BATTLE PLANS … BY GLADYS JEURINK
Now is when you
should begin planning and drawing up your “Battle Plans” to combat
all the pests and problems that may plague you this spring and summer.
One problem is getting small seeds planted and germinated. You can make
your own seed tape to get your plants even when dealing with these small
seeds. Stretch out toilet
paper and mist just enough to make it lay flat. While standing up you
can place the seeds at the right distance.
I keep radish seeds around as they are big and strong enough to
break the soil if it gets crusted over. So plant the radish seeds with
your small ones that take longer to get started and space them out along
the paper. Now you can fold the paper over on itself and mist again just
enough to make it stay until you can carry it to the row you have made
in your garden. Since the seeds we are dealing with are small, barely
cover them with soil. Another helping idea is to lay a lath or light
board on top of your row to keep it from drying out. Watch carefully to
see when your seeds start coming up and then remove the board.
When I plant
such seeds as squash or cucumbers, I make a good sized (18 inches wide)
shallow depression and then plant the seeds down in the center and place
a clear pot or jar over the seeds to keep moisture in.
Sometimes I even plant Sevin Dust or Eight Dust with the seeds to
keep bugs out. Squash especially have trouble with worms (borers) in
their stems. The borer
adult is a little moth that lays its eggs on your plant soon after it
comes up. So if you have row covers you can put those over the plants.
Row covers work very well to protect until runners need pollination.
You can cut sections to fit your hills and hold it down with soil
and staples. If you have scrap wood you can make small “houses” to
cover your plants, then staple the row cover on the frame. Leave on
until the plants start flowering and need pollination. I have a few
plastic covers about 12 inches square that I push down in the soil.
The moths like to lay their eggs near the soil line so the borers
can tunnel in, but by this time your plants are in a depression and you
can put soil over the stems for some protection. Try not to plant your
vine crops in the same area two years in a row as insect eggs over
winter in the soil and debris.
When I was
working, people saved their gallon sized (3 pound) coffee cans for me.
By cutting both ends out they make excellent protections for the
new plants you are setting out. The
new plastic coffee cans will also work and do not rust. However, they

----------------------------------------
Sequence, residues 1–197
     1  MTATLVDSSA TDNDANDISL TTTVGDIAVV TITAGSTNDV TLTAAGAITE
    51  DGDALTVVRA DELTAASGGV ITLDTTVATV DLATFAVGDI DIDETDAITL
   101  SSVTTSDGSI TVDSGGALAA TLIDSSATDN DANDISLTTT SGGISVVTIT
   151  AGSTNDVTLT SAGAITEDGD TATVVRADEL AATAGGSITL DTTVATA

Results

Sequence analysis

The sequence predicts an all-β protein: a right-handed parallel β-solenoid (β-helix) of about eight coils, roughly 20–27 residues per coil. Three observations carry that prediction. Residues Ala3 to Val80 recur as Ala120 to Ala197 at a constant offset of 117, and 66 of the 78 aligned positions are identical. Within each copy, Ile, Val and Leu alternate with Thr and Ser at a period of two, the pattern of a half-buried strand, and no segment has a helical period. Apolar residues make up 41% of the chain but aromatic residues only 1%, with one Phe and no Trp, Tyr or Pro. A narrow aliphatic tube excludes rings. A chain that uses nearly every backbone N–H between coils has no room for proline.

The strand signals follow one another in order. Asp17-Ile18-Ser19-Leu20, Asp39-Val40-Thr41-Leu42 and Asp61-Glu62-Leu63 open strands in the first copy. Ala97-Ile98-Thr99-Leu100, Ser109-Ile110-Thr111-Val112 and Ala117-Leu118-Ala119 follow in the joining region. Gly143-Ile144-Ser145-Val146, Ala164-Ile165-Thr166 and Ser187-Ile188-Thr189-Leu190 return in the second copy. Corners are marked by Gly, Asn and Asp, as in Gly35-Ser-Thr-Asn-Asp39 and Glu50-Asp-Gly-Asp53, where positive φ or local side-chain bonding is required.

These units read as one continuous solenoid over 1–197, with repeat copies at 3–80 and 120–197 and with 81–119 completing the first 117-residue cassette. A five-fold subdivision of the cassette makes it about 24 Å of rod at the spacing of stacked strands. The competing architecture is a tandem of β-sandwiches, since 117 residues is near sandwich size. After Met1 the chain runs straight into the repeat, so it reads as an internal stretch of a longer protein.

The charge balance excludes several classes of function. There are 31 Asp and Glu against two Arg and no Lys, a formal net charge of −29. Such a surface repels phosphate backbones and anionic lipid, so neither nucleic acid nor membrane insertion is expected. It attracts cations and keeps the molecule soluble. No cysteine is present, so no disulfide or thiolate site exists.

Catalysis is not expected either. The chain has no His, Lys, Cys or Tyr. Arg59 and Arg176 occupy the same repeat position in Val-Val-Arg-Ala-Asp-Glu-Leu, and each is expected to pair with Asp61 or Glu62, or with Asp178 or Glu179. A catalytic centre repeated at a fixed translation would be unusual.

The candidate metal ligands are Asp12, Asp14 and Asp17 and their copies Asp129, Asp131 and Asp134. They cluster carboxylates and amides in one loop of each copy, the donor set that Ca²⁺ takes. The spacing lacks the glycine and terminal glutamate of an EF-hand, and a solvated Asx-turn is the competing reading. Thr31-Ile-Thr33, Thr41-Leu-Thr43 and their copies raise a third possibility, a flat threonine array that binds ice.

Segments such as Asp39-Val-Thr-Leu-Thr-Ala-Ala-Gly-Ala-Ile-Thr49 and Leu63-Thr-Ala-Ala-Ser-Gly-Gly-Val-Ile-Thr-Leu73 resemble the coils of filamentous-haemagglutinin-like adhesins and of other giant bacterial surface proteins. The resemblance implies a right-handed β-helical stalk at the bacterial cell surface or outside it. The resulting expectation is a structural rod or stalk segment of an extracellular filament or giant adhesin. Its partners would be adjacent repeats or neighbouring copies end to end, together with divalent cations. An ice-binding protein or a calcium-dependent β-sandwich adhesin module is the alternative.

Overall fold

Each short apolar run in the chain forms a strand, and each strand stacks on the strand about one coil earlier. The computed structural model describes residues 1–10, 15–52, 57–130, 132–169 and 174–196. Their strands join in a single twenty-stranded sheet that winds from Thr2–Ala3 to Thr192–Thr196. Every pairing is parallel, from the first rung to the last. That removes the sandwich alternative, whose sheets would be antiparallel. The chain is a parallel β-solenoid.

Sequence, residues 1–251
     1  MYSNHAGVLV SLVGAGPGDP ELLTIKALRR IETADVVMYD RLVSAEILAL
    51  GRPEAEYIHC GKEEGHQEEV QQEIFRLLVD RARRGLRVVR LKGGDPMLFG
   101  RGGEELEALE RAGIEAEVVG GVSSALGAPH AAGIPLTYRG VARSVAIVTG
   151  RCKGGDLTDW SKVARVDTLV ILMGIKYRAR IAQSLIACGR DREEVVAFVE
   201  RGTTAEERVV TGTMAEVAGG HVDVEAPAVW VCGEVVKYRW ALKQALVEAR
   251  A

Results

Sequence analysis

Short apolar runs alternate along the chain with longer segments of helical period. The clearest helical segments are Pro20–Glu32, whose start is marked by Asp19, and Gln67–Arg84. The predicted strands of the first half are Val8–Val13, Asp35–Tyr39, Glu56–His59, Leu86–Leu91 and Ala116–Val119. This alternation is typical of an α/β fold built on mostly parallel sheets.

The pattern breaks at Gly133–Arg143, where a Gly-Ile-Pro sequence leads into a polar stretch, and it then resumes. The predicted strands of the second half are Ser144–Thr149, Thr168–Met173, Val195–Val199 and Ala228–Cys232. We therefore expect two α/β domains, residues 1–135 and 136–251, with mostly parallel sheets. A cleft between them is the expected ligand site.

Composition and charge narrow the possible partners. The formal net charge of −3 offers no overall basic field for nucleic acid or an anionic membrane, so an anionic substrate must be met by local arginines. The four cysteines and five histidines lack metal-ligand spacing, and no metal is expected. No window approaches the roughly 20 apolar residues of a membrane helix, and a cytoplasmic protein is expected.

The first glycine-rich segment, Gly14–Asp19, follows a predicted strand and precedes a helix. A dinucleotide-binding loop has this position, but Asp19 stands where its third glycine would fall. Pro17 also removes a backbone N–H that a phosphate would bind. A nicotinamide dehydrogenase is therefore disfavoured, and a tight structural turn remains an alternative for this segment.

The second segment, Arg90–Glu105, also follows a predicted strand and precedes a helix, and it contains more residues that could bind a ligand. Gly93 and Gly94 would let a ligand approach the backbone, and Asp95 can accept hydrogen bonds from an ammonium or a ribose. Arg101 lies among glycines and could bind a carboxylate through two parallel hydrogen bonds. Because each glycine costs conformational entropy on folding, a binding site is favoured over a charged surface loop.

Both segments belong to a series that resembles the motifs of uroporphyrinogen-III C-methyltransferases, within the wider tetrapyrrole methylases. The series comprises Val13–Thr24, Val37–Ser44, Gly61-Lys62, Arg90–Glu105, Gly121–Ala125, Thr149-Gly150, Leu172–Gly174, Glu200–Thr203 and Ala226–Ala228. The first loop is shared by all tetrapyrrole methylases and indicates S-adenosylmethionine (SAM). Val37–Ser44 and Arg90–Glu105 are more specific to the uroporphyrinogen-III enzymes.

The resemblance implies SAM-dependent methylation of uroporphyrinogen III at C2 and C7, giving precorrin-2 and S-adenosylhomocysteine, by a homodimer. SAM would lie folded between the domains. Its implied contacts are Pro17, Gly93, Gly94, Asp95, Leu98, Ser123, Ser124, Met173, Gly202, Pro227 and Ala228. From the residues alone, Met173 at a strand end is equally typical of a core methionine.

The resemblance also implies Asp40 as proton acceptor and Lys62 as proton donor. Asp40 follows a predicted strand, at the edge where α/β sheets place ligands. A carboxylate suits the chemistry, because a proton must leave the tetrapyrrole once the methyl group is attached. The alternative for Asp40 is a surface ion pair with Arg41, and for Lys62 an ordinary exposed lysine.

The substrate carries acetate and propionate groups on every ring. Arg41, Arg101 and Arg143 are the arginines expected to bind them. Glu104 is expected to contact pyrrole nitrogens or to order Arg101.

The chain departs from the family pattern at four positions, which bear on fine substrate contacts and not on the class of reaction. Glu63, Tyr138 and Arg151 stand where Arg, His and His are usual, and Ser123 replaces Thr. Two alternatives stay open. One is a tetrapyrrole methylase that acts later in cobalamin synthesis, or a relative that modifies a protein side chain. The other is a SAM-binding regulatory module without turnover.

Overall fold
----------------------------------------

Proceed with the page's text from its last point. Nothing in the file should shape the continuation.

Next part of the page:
are not quite as sturdy. Before you put your plant in the soil, check
for the cutworm larvae that spends their winter in the soil and in the
plant debris. They look like grubs and the can keeps them from cutting
off your new plants right at ground level.
These protectors can also be filled with water during the summer
and can also keep the rabbits away from cabbage, cauliflower, and
brussel sprouts until they grow above the top of the can where rabbits
are waiting. Some years I
plant my ornamental kale and cabbages in whiskey barrels either with or
without the plastic liners. I start them in pots on a bench and then
later put them in the barrels. Since they tend to get “leggy” I can
wait until later and set them down in the barrels when I remove them
from the pots and fill in around their naked stems with soil.
This way the barrels have 2 crops-pansies in the spring and
cabbage or kale for late fall.
One of the
first “Battle Plans” to combat disease organisms you need to
consider is the use of resistant varieties. Tomatoes are a good example.
Often you will see after their name what looks like college
degrees and in a way they are. You will see F, V, N, T, and other
letters. (The F means the plant is resistant to Fusarium Wilt. The V
stands for Verticilium Wilt, the N for nematode, and the T for Tobacco
Mosaic.) Planting disease resistant varieties is especially necessary if
you have a small garden and cannot plant a good distance away from where
you planted the same plant last year. Other plants also have disease
resistant varieties. Crab Apple trees get cedar apple rust and new
varieties are now disease resistant. Remember, they are disease
resistant not disease proof.
I have seen a
few people buy potting soil and fill 5 gallon buckets or whiskey barrels
and grow their tomatoes in these. Five
gallons is the minimum size and a larger container like a whiskey barrel
is better. Another method I have noticed is bags of potting soil on the
ground and a slit made to insert the plants.
Still another way to combat disease organisms is to scrape the
topsoil off that might contain the disease organism and make a tower of
old tires. Fill with a good potting mix. Don’t use a cheap potting mix
as this is usually not very good soil and many do not drain well. These
last two requires careful attention to watering.
demands the taste of home grown tomatoes in the summer and some will go
to great lengths to make sure the plants grow.
When we had the
big garden in the country, I divided it into six sections and planted in
different areas each year just like farmers rotate their crops. One of
my sections was always bare to crops. Weeds and pests were tilled under
as well as a “green manure” crop. This area had my best crops the
next year. In each area
when I got ready to plant, I pulled up the soil with a broad hoe (cement
hoe) into rows about 3 feet across and put a leaky hose (sometimes
called a soaker hose and usually made from recycled rubber) down the
center and planted on both sides. This
way I did not wet the leaves. Wet leaves encourages fungous diseases so
watering on the ground and keeping your leaves dry is another good
“Battle Plan”. The healthier your plants are, the less damage
insects and disease can do, and the fewer chemicals you need to use.
Both you and the environment benefit.